Rajkuma also finds the friendly and open culture at work in Vietnam beneficial.

Rajkuma, who spent five years working for an Indian software company back home, where he described the working environment as “stressful” due to the “crushing hustle culture,” said that Vietnam has an “amazing” work culture and he finds that people here treat each other like family.

Ruvalcaba concurred, saying that he often hangs out with his colleagues after work for food and drink and often attends company or team parties.

“In Mexico, people can just drink on their own. I like it here that people drink together at the same time and cheer ‘1,2,3 Vo!’”

Rajkuma praises Vietnam for its manageable work schedule, allowing him to maintain a healthy work-life balance while living here.

He said that overtime and weekend hours often go uncounted in India. Meanwhile, in Vietnam, all the overtime work “is recognized and is paid.”

After working on short-term projects in Japan and South Korea, Ruvalcaba has found that the work in Vietnam is just as hard but moves forward with far more flexibility and a much more positive and team-oriented culture.

Having a cup of coffee and a chat is a common pastime for many in the workplace here, he said. In addition, he noticed that Vietnamese people are more willing to pitch in and work together on projects.

Meanwhile, he pointed out that workers in Japan and South Korea are less open with one another and the work environment lacks a sense of teamwork because everyone is so focused on their individual tasks.

Found in translation

One of the major challenges for foreign IT workers is connecting with their local counterparts through language barriers.

Lukas Toman, IT Security Manager at Home Credit Vietnam, a local branch of the Czech international consumer finance provider, said learning Vietnamese has been a bit challenging. He has to rely on English and ask for support from his colleagues, “who are really supportive and understanding.”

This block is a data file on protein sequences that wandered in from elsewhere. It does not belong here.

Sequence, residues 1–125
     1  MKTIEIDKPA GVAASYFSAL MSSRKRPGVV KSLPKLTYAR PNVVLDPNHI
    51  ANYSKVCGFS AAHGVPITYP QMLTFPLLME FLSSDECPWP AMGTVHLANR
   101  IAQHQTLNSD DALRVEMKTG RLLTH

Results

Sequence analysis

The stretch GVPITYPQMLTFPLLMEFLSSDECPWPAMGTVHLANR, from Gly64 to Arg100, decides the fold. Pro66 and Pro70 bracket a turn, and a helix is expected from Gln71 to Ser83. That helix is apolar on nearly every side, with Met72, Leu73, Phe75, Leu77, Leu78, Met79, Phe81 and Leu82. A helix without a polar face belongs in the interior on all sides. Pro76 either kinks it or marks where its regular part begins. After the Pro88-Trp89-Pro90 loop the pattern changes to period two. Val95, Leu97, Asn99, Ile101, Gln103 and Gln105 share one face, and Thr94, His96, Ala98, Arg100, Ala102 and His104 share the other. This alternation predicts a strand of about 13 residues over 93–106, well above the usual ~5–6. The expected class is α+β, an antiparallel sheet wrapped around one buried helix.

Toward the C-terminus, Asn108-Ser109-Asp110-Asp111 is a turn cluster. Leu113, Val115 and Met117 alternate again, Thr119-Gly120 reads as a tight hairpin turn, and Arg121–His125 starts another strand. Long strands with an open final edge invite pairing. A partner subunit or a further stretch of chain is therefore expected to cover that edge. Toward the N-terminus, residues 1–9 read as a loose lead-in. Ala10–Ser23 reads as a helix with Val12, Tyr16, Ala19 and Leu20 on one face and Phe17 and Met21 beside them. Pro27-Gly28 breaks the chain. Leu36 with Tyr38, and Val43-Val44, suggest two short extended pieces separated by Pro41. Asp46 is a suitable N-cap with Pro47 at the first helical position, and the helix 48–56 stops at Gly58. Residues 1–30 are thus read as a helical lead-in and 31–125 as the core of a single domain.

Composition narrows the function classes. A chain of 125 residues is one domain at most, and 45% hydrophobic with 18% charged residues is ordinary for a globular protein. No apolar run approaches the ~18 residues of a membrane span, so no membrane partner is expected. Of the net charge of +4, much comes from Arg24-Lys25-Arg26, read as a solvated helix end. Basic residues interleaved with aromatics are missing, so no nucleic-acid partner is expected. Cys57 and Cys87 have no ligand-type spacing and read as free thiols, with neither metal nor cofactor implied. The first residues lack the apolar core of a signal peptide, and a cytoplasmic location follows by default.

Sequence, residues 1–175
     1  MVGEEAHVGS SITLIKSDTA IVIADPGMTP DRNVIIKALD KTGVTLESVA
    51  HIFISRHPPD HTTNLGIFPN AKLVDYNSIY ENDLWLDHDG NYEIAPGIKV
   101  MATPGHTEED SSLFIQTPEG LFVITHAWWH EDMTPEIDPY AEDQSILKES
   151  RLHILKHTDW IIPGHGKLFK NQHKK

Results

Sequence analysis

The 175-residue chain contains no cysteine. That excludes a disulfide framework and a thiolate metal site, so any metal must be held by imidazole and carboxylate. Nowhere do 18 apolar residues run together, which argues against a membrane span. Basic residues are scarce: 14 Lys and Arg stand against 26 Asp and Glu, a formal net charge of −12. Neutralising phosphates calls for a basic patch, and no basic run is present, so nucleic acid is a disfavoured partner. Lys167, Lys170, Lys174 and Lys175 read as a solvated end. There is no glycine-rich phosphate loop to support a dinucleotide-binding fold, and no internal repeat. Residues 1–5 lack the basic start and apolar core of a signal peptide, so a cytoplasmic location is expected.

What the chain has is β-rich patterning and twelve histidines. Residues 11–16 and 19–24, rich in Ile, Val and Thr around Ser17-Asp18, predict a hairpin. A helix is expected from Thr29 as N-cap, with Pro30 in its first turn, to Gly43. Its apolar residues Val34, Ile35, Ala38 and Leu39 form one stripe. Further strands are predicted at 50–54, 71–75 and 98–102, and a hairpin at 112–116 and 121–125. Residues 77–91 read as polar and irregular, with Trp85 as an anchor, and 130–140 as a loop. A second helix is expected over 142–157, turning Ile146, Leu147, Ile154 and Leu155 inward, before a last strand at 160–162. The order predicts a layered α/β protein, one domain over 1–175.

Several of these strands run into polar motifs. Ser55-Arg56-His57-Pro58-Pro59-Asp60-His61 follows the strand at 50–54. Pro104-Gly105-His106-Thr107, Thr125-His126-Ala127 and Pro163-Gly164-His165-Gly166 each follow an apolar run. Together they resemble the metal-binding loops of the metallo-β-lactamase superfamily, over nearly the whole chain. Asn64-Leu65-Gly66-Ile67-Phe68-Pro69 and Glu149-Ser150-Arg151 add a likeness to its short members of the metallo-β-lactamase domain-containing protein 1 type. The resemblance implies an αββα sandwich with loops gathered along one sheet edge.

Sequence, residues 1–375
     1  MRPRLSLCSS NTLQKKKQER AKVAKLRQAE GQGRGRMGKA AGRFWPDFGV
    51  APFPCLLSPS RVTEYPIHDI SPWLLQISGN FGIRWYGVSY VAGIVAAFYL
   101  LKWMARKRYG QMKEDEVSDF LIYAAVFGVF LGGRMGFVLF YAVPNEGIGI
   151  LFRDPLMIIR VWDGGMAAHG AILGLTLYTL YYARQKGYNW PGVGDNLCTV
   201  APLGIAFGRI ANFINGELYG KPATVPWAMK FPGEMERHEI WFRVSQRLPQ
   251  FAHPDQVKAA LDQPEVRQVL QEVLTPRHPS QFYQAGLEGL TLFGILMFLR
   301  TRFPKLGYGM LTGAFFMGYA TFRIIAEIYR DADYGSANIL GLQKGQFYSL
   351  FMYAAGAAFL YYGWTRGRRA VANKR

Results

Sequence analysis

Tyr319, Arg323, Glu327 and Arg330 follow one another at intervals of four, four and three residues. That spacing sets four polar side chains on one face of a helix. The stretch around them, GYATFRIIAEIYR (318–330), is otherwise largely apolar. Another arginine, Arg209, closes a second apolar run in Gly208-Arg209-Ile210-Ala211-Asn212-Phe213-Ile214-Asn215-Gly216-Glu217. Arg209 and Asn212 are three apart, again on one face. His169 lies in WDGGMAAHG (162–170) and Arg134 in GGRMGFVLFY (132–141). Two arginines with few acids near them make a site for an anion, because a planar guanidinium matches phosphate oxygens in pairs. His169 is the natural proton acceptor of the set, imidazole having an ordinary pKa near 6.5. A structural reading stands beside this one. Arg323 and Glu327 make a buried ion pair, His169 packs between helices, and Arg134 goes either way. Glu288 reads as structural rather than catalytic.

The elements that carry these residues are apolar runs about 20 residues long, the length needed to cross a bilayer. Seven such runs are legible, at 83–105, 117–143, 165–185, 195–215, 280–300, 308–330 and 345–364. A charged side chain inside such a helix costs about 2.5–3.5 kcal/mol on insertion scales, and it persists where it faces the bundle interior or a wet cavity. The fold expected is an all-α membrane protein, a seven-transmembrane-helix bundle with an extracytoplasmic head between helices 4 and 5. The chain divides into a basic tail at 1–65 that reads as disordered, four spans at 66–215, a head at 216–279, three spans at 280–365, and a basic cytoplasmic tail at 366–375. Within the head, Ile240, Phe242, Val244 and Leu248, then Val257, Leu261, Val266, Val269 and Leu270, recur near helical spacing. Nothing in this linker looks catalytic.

Rajkumar also admitted that Vietnamese was a bit difficult to learn and that it kept him away from making new friends, enjoying jokes, and sharing ideas at work.

“Unfortunately, I have missed out on making friends with some colleagues because we can’t speak the same language,” he said.

Echoing this sentiment, Ruvalcaba said some of his team members were a bit shy when speaking English, so there was a bit of a language barrier at the beginning.

He and the team overcame this challenge by switching to using messaging apps to liaise with colleagues, allowing them to have more time to think of words or to translate a word if needed.

“I also took Vietnamese classes and picked up quite a lot,” he said.

He said he enrolled in Vietnamese classes to communicate better with his team. Though it wasn’t easy in the beginning, he is now able to read, understand and follow what coworkers discuss in chat groups.

Meanwhile, Rajkumar has been helping colleagues improve their English by providing speaking lessons outside working hours.

Despite some difficulties adjusting to the Vietnamese workplace, the IT professionals VnExpress International spoke to like working here and plan to stay.

Rajkuma said he has applied for a temporary residence card and plans on “staying here for a long time.”

He said anything new he experiences, from going for bia hoi or karaoke parties with Vietnamese friends, is a memorable moment that he will cherish.

“If you get the chance to live and work in Vietnam, go for it!” he said. “You’re not going to regret it – this country has amazing food, beautiful places, interesting history, loving people and a stress-free life.”